Stephany Grixby thought it was a sure thing.
Her daughter, Brooklynn, an eighth-grader at Morton Magnet Middle School, planned to go to Omaha Central High School, as most members of her extended family have for the past decade.
Brooklynn, like her older cousins — the Grixby brothers who starred in basketball and football and helped win state titles for the Eagles — would fill out the paperwork to open enroll in Omaha's downtown high school.
On the Omaha Public Schools form, she picked Central as her No. 1 choice. She didn't mark a second choice.
Her mom recently opened the letter from the Omaha Public Schools and learned that Brooklynn has been assigned to her neighborhood school, Northwest High, because Central was full.
About 200 students who picked Central as their No. 1 choice received similar letters last week.
For the first time in recent memory, Central — the state's largest high school, with 2,397 students — is out of room.
About 890 incoming eighth-graders picked Central as their No. 1 choice, said Matt Ray, OPS director of student and community services.
The school had 685 spots for freshmen.
With Central's enrollment capped, two of OPS' seven high schools now have lids on their enrollments. Incoming freshmen classes at Burke High have been capped since the 2004-05 school year.
"You put yourself in a very precarious position" when enrollment grows too big, said Keith Bigsby, Central principal.
Central, which was built in the early 1900s, has long drawn students because of its academic and sports traditions. Its boys basketball team has won five of the last six Class A state titles and is favored to win the 2012 championship.
Development in midtown and downtown, Bigsby said, including TD Ameritrade Park's opening and Midtown Crossing's popularity, also has helped the school at 20th and Dodge Streets.
The influx of eighth-graders has largely been from neighborhoods outside of midtown and downtown. Approximately 485 of the 685 accepted students don't live inside Central's attendance area.
"We obviously did a really good job of marketing. I'm aware of that," Bigsby said.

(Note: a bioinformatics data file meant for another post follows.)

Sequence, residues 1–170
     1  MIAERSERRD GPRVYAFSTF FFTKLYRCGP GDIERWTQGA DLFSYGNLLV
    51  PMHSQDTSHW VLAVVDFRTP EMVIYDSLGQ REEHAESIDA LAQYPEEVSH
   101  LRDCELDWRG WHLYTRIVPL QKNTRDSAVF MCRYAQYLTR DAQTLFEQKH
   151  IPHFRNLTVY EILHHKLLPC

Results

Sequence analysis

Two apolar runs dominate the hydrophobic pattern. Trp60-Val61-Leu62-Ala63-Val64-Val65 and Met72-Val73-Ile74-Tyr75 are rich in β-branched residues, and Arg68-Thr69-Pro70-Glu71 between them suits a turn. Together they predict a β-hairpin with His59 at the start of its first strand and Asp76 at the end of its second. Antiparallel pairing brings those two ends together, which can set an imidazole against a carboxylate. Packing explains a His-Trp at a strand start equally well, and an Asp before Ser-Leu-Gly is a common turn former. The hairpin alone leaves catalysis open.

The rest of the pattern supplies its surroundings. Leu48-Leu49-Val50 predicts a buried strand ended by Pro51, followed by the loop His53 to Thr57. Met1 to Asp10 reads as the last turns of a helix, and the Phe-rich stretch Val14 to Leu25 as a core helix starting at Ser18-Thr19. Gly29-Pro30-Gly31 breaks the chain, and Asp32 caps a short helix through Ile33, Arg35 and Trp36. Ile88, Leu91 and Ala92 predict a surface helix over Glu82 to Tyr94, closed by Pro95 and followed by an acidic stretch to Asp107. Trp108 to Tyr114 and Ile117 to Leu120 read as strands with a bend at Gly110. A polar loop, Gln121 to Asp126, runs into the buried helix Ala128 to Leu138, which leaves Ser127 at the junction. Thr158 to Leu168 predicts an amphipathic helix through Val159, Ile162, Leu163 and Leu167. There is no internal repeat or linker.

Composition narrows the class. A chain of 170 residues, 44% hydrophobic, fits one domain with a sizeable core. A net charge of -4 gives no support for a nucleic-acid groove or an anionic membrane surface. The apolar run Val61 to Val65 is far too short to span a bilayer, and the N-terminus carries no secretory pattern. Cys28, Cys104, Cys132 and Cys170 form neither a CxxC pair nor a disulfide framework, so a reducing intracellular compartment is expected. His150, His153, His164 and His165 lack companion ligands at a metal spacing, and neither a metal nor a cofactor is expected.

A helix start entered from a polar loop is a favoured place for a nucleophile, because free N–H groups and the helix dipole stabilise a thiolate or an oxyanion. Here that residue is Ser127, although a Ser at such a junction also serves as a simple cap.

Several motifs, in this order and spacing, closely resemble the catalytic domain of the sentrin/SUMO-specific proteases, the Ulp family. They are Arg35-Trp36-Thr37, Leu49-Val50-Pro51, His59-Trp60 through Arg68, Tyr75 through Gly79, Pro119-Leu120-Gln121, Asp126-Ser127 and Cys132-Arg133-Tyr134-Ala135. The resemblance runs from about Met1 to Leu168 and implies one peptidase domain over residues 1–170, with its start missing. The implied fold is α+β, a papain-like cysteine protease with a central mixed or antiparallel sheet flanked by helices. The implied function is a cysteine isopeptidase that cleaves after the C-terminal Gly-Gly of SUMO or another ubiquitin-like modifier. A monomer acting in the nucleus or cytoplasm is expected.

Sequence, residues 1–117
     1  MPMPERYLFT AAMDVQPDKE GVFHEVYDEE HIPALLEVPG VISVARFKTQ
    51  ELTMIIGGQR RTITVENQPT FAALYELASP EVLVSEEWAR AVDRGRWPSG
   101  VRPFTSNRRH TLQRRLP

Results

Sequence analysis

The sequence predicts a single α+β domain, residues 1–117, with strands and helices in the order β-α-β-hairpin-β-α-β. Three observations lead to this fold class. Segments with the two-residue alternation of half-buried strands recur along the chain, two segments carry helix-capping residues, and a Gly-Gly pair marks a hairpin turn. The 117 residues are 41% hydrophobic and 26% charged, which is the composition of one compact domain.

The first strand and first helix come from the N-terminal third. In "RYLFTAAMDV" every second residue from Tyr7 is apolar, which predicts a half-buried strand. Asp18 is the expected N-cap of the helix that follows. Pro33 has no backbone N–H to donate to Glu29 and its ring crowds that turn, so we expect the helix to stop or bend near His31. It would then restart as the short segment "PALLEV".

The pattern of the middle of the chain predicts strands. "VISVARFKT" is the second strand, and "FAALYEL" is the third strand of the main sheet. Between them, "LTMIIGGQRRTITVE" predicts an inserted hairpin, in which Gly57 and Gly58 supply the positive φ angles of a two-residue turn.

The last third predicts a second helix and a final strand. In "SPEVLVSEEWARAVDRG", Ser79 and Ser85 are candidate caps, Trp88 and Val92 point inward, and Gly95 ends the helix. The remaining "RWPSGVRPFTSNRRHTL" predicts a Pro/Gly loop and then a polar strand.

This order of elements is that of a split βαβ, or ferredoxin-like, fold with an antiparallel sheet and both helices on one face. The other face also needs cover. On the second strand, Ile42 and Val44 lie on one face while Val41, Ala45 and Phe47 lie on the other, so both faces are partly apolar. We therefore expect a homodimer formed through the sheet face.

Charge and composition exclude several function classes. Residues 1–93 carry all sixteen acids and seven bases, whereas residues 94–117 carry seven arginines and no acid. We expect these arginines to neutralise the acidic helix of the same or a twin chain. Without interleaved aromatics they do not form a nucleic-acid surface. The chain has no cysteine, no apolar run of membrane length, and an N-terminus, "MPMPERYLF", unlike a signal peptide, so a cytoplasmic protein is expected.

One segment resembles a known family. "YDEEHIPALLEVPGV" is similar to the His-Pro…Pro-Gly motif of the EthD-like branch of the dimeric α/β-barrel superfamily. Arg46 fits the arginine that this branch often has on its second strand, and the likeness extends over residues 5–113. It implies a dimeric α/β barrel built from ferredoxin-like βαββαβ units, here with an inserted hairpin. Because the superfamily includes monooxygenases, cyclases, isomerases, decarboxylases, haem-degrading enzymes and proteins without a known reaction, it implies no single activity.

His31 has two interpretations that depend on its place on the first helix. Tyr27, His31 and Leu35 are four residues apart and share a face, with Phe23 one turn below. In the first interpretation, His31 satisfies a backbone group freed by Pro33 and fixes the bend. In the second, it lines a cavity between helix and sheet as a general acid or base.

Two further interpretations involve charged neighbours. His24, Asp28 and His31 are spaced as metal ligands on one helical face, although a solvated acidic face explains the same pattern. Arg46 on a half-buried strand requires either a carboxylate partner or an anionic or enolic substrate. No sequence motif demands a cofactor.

McKenzie Clayton, a freshman, is among the students who've opted for Central, even though she lives across the street from Burke High, 120th Street and West Dodge Road.
She went to eighth grade at Beveridge Magnet Middle School, a feeder school for Burke that's about a mile and a half away.
McKenzie's placement at Burke was guaranteed since she lived in the neighborhood.
She went to open houses for both schools, but, at Central, the staff and students seemed eager to draw her in.
So she chose Central, just like her mom, who graduated in 1986.
Her classmates tell similar stories of being excited about the open house, including the one-on-one tours and a speech from Bigsby.
Central, with its grandiose historic building on the site of Nebraska's former territorial Capitol, has a who's who list of alumni that includes actor Henry Fonda, former Chicago Bears running back Gale Sayers and business executive Peter Kiewit.
Central's student population has been above 2,000 students since the 1997-98 school year.
Putting a limit on Central's enrollment has been discussed in the past, as recently as the 2002-03 school year, when enrollment was around 2,500 students. But a cap was not put in place until now.
OPS officials said they expect high school enrollments to fluctuate.
With Central and Burke not available as options, parents may look to other schools, Ray said. Benson and Northwest High Schools, for example, have installed new magnet programs in recent years and are far below capacity.
Brooklynn Grixby, like her older cousins, plays two sports: volleyball and basketball.
She and her parents plan to tour Millard North, Bellevue West and Westside High Schools. And they're not giving up on Central; they plan to put in a transfer request next month.
"I just want my daughter to get the best education wherever she goes," Stephany Grixby said. "I think Central is the best place for her."
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